MANILA, Philippines - Former Armed Forces of the Philippines (AFP) comptroller Carlos Garcia and his wife, Clarita, are asking the Department of Justice (DOJ) to reverse a review resolution that recommended the filing of charges against them for tax evasion in violation of the National Internal Revenue Code of 1997.
The Garcias have a pending motion for reconsideration before the DOJ that challenges the review resolution's finding of probable cause against them.
The couple, who face plunder charges at the Sandiganbayan, were found to have under declared their income of P12.25 million for 2002 and P14.109 million for 2003.
However, the Garcias told the DOJ that the Bureau of Internal Revenue (BIR), in wanting "to prove the existence of 'income' from documents obtained from his pending criminal case of plunder," is taking a baseless position.
"In short, complainant posits that the funds which were 'supposedly plundered' constitutes 'income' which is subject to tax," Garcia's opposition read.
‘Proceeds from crime, not income’
"Assuming purely for the sake of argument that the funds were indeed plundered, the same cannot be considered 'income.' Rather, the said funds must be considered as 'proceeds of a crime.' 'Income' is profit from legitimate sources, while 'proceeds of a crime' is profit from unlawful activity," the opposition read.
The Garcias added that if the BIR insists that the subject funds are "income," then the plunder case should be dismissed, while the tax evasion complaint must be dismissed if the BIR insists, on the other hand, that the funds are "proceeds."
A complaint filed by the BIR in 2005 alleged that based on Garcia's statement of assets, liabilities and net worth (SALN), his primary source if income was derived from salaries, wages and allowances, and director's fee from the AFP Savings and Loan Association, Inc. (AFPSLAI).
However, records obtained from the Sandiganbayan, the Office of the Ombudsman, and the Securities and Exchange Commission (SEC) showed that he and his wife Clarita had various financial transactions for said period.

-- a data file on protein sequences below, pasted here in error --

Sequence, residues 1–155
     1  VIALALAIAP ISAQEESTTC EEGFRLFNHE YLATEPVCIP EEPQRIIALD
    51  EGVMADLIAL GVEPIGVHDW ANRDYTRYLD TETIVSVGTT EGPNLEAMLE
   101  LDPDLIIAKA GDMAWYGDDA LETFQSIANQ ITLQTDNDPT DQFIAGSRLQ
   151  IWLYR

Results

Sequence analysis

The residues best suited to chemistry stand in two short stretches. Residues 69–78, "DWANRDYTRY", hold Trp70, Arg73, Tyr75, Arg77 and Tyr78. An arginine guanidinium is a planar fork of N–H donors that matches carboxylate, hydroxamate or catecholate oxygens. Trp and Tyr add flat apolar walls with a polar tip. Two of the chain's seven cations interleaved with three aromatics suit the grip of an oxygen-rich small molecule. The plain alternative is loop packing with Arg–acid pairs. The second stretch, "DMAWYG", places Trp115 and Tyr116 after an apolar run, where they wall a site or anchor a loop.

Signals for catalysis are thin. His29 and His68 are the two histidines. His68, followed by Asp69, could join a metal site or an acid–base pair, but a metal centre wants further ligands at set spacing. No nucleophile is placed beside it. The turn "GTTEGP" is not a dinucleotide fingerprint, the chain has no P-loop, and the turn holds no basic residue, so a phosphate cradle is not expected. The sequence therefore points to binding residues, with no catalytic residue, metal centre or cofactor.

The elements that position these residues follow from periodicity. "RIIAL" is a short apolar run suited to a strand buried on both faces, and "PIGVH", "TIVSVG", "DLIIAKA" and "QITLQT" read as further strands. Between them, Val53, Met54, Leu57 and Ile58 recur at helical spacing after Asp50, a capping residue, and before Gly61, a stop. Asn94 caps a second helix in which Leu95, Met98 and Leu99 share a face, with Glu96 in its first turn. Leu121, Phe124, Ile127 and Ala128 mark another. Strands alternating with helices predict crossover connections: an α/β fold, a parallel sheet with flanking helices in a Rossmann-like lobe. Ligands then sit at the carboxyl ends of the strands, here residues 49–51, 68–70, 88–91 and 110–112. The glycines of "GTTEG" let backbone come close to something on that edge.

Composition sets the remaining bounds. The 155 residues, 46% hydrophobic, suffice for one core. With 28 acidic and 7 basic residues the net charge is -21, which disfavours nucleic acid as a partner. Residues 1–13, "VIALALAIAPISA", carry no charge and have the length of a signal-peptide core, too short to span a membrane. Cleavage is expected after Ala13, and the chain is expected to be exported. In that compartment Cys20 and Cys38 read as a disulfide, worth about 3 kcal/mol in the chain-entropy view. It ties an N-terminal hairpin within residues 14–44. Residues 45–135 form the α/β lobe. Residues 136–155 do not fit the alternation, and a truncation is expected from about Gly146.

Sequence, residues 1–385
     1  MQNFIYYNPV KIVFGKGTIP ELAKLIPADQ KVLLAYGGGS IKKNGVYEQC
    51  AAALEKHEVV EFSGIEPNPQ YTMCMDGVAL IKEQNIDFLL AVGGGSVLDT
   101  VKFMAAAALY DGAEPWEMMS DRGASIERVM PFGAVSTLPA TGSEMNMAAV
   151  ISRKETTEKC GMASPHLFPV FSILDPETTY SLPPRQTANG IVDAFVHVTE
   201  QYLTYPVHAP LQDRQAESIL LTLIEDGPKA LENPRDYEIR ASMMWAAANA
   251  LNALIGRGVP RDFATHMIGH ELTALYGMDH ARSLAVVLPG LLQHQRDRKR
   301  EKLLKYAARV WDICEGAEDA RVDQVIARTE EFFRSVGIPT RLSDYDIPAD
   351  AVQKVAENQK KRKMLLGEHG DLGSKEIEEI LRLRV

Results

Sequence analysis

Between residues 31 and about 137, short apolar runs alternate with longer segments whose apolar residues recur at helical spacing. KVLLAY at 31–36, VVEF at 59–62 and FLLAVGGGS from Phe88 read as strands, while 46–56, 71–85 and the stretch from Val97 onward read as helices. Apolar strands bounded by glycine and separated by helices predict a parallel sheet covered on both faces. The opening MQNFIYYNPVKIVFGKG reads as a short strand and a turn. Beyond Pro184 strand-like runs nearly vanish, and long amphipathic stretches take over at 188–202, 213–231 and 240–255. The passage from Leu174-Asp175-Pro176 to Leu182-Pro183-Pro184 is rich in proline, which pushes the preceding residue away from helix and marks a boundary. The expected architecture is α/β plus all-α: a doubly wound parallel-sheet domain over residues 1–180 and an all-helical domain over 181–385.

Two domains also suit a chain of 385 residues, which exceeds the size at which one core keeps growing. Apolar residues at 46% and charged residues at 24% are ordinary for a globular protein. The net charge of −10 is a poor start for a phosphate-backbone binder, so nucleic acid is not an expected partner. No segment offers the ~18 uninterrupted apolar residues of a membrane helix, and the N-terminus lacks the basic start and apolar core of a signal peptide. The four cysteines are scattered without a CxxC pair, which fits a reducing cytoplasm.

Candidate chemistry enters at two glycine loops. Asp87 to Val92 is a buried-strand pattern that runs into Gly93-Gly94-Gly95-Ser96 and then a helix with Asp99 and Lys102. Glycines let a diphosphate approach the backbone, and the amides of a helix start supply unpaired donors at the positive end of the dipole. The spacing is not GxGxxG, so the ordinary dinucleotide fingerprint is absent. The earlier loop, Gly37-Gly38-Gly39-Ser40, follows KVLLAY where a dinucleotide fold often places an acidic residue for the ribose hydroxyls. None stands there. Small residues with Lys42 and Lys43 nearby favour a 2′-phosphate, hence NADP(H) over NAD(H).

These include Garcia’s wife paying P120,000 for shares in 2 corporations: IJT Mango Orchard, Inc. and IJT Katamnan Corporation; Clarita brining to the United States US $48,000, or P2.4 million as shown by a currency and monetary instruments report dated May 10, 2002; and Clarita having foreign currency deposits with Allied Banking Corporation as shown in a foreign currency certificate of time deposit dated June 5, 2002 and October 10, 2002 in the amount of $75,000 and $30,000 respectively; and, Garcia himself having deposits with AFPSLAI amounting to P4,052,755.
The review resolution by senior deputy state prosecutor Miguel Gudio, Jr., dated December 23, 2010, also raised a comparative review of Garcia's 2001 and 2002 SALNs wherein an increase in his assets was noted in the amount of P320,000.
These totaled Garcia's total transactions to p4.37-million for 2002.
For taxable year 2003, Garcia declared his income at only P1,133,809 but it was found that he grossly under-declared his and his wife's income with the discovery of the following investments: AFPSLAI deposits under the spouses' names in the amount of P1,182,547 (Carlos Garcia) and P1,838,345 (Clarita Garcia); $100,000 brought to the US by Clarita Garcia; $100,000 brought to the US by the couple's son, Juan Paolo, in December 2003 that was seized by Customs personnel.
The Garcias, however, pointed out that Clarita Garcia is a US citizen and is therefore "not obligated to disclose her sources of income from outside of the Philippines, since such income is not taxable here."
The Garcias also claimed that the BIR has not been able to establish that they resorted to a scheme to evade the payment of correct taxes, but only established existing bank accounts with deposits not corresponding to the income reporters in Carlos Garcia's tax returns.
The couple insist this "does not necessarily imply that there was a 'scheme' perpetrated precisely to evade the payment of taxes" and challenged the BIR to prove that the amounts in question were not reflected in the tax returns "in an attempt to willfully and deliberately mislead the bureau of internal revenue 'with the sole object of avoiding the tax.'"
They also raised the issue of genuineness and authenticity of documents obtained from the case pending at the anti-graft court.
Granting that said documents are genuine, the Garcias claimed that still that does not establish that the funds in question were from sources within the country so as to make it taxable, rather, establish only that "certain amounts were deposited into certain existing bank accounts, and these amounts do not correspond to the income declared in the tax returns."